I’m a strong contender for the UK’s No. 1 Findus and Pettson fan, such is my love for these characters and the stories Sven Nordqvist writes. Findus goes Fishing is yet another wonderfully enjoyable, funny-yet-not-afraid-of-being-serious story really all about that most important of things: love and how we share it.

To celebrate the publication next week of Findus goes Fishing I interviewed the book’s UK English translator, Nathan Large and started by asking him a little about his background and how he became a translator. “I come from Gloucestershire and live in Stockholm, the home town of my partner, Emilie. I started translating while working as a linguist on a project developing machine translation tools. At first this was for research reasons, to explore patterns that our software could use. But gradually the translating branched out and found a life of its own.

Having briefly worked as a translator myself many years ago I wondered what Nathan found particularly enjoyable about the work and his reply really resonated with me. “If you love language for its own sake, there’s always something to discover or enjoy in the work. If you are a curious person, translation also gives you the excuse to read about all sorts of subjects, making you among other things (un)popular at pub quizzes. Generally speaking, it is no bad thing to help people share their stories across languages.” I couldn’t agree more and this is certainly one of the reason’s I’m so grateful to translators, and publishing houses who seek out books in translation.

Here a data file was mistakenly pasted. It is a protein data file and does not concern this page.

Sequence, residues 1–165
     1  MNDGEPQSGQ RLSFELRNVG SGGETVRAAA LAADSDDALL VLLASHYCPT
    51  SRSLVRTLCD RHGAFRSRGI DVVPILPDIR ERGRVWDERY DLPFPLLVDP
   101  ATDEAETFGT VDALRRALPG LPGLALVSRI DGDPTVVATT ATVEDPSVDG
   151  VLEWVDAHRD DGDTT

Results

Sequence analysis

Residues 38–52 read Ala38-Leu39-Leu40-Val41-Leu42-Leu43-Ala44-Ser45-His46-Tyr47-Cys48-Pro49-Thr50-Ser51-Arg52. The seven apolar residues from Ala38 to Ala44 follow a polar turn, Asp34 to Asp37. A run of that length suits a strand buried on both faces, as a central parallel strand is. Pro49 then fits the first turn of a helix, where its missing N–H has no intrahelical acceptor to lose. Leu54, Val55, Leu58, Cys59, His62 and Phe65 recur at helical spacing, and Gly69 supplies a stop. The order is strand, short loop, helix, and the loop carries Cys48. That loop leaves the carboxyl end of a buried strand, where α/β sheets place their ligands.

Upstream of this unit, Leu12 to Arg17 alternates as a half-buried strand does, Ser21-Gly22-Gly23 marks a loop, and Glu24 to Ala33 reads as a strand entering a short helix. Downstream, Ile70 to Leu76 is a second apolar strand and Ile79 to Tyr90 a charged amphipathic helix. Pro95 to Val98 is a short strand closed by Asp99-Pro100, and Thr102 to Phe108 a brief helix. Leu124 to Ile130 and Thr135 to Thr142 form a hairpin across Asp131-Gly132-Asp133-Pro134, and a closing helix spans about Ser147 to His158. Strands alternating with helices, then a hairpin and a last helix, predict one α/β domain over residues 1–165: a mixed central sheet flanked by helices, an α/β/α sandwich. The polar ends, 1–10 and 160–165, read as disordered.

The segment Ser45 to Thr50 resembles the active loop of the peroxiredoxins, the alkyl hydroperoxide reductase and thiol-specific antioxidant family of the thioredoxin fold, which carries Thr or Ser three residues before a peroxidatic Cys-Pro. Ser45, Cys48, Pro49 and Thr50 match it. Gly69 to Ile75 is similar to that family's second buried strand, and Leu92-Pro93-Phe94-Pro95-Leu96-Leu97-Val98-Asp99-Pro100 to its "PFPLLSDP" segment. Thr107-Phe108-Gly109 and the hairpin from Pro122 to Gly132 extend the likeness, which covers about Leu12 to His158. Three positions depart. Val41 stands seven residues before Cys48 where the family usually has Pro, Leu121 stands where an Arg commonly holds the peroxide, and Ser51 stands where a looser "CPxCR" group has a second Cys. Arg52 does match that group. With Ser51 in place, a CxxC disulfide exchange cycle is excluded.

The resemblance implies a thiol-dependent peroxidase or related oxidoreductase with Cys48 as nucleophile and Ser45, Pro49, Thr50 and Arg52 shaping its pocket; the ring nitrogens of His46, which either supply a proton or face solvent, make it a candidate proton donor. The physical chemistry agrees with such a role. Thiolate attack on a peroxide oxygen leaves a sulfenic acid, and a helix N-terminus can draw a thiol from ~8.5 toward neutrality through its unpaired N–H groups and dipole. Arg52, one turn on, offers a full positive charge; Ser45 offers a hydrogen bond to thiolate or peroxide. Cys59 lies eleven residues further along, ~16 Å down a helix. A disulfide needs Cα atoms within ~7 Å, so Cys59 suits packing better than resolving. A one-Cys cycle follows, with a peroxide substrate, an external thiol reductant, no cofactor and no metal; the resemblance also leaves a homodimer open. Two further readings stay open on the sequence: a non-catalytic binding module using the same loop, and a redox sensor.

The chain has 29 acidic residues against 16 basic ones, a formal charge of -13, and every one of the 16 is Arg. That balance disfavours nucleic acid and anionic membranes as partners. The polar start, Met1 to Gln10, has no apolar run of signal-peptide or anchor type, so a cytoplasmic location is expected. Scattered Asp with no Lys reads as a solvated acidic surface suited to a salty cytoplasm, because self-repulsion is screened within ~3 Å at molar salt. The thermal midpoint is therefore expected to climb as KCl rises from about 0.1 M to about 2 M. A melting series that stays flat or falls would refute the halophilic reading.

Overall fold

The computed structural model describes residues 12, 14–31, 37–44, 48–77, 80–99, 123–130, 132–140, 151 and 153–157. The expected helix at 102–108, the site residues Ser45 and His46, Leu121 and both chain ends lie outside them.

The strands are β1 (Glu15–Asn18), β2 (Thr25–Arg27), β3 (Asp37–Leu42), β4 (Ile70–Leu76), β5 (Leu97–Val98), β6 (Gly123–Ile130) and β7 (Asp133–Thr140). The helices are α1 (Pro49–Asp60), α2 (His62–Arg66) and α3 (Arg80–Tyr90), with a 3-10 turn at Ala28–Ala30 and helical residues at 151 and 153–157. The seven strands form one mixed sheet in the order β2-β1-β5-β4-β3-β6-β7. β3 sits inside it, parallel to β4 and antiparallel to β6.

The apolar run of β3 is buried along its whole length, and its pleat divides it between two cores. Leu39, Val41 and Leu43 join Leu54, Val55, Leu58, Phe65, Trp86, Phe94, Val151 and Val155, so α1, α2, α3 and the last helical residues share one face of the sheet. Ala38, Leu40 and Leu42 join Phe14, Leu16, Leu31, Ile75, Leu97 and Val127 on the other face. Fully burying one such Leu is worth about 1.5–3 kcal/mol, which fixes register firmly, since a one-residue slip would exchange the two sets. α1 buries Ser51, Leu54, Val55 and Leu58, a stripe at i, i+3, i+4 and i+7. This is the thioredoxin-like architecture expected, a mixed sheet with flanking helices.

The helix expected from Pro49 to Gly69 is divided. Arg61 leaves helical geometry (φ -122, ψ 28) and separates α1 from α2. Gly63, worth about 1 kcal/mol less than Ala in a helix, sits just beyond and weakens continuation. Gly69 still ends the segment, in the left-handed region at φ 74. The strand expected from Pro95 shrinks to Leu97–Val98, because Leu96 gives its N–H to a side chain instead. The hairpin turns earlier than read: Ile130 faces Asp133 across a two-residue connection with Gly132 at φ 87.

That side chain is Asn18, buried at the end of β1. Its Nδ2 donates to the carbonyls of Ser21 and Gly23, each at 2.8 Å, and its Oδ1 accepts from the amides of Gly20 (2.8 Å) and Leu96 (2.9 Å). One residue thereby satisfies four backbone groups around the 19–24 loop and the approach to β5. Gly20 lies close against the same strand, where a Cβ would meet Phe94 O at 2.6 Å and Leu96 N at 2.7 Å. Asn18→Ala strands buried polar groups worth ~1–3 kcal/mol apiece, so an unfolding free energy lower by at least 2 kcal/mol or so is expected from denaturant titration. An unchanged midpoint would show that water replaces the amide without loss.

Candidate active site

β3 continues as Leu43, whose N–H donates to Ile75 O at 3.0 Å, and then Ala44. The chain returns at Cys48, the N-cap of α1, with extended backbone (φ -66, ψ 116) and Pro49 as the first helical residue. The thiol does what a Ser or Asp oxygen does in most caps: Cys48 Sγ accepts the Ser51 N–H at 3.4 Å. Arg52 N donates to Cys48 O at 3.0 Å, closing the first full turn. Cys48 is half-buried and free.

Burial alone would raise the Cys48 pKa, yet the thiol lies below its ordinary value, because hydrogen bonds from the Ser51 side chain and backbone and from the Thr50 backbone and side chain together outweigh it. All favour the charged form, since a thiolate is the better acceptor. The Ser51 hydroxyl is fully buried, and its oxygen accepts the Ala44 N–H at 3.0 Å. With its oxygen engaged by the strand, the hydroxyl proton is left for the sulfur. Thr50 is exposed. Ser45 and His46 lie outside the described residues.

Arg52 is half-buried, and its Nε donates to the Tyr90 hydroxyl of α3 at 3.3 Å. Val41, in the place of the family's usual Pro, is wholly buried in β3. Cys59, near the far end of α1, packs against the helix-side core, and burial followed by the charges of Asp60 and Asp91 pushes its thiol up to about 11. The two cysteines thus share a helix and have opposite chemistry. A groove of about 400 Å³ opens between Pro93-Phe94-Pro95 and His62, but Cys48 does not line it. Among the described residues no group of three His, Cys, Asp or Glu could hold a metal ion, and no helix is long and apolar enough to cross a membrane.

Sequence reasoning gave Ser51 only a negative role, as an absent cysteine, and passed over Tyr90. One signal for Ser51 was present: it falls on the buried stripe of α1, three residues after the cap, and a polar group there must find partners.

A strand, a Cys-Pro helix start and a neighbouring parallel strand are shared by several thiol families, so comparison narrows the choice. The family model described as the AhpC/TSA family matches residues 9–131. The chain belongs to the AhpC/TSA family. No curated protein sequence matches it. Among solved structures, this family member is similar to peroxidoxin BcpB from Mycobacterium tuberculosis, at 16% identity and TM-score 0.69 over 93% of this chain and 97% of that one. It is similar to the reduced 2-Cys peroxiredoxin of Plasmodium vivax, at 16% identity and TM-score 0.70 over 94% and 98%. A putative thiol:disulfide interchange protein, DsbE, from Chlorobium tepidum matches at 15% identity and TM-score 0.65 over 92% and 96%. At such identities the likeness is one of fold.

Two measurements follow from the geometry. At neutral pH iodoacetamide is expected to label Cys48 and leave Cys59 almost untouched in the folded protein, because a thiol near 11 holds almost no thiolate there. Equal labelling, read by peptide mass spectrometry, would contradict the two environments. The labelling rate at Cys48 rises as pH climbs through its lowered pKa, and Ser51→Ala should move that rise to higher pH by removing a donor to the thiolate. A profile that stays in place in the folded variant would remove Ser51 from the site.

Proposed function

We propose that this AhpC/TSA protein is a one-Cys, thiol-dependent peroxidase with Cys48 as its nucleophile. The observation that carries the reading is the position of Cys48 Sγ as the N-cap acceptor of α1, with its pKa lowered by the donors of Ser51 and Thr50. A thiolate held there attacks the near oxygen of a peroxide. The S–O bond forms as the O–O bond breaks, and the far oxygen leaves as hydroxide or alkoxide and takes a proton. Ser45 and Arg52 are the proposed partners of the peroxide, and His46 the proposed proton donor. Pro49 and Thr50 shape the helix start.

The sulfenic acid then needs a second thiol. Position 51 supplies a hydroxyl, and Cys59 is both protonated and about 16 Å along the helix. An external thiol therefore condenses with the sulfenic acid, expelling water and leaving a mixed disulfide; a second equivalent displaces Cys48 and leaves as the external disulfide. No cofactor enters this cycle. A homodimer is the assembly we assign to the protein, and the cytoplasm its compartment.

So how do the nuts and bolts of translation fit together for Nathan? Where does he begin? “It depends. Sven Nordqvist’s stories are pure fun. I read the book, then translate it the old-fashioned way, page by page. I check the draft against the original to see if I’ve missed anything, then put the Swedish to one side and focus on the English. Reading aloud is the best way to do this — the tongue trips over what the eye ignores.” This idea of reading aloud is really interesting – I’ve heard many authors use exactly the same technique, especially with picture book texts, and perhaps this shared approach is no surprise, as translators really are authors in disguise; translators, particularly literary translators, have to be great writers in their own language before sensitivity to a second language can come in to it.

(To read the entire interview, visit Zoe Toft’s Website Playing by the Book)

More about the book here…